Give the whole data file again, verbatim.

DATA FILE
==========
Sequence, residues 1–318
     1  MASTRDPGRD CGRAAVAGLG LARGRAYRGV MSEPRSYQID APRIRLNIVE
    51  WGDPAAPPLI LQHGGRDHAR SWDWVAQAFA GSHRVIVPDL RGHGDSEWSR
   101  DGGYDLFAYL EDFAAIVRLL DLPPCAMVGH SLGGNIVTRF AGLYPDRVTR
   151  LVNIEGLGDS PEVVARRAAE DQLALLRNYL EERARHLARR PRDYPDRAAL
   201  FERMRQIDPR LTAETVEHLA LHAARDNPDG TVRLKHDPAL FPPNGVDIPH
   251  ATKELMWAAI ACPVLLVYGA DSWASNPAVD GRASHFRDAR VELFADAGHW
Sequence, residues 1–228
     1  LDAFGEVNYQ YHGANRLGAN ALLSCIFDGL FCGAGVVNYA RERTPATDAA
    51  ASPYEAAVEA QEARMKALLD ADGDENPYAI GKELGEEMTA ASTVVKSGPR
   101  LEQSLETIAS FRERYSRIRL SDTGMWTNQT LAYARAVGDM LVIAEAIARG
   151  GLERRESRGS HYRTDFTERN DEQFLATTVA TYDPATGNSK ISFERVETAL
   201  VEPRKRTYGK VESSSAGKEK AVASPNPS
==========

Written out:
Sequence, residues 1–318
     1  MASTRDPGRD CGRAAVAGLG LARGRAYRGV MSEPRSYQID APRIRLNIVE
    51  WGDPAAPPLI LQHGGRDHAR SWDWVAQAFA GSHRVIVPDL RGHGDSEWSR
   101  DGGYDLFAYL EDFAAIVRLL DLPPCAMVGH SLGGNIVTRF AGLYPDRVTR
   151  LVNIEGLGDS PEVVARRAAE DQLALLRNYL EERARHLARR PRDYPDRAAL
   201  FERMRQIDPR LTAETVEHLA LHAARDNPDG TVRLKHDPAL FPPNGVDIPH
   251  ATKELMWAAI ACPVLLVYGA DSWASNPAVD GRASHFRDAR VELFADAGHW
Sequence, residues 1–228
     1  LDAFGEVNYQ YHGANRLGAN ALLSCIFDGL FCGAGVVNYA RERTPATDAA
    51  ASPYEAAVEA QEARMKALLD ADGDENPYAI GKELGEEMTA ASTVVKSGPR
   101  LEQSLETIAS FRERYSRIRL SDTGMWTNQT LAYARAVGDM LVIAEAIARG
   151  GLERRESRGS HYRTDFTERN DEQFLATTVA TYDPATGNSK ISFERVETAL
   201  VEPRKRTYGK VESSSAGKEK AVASPNPS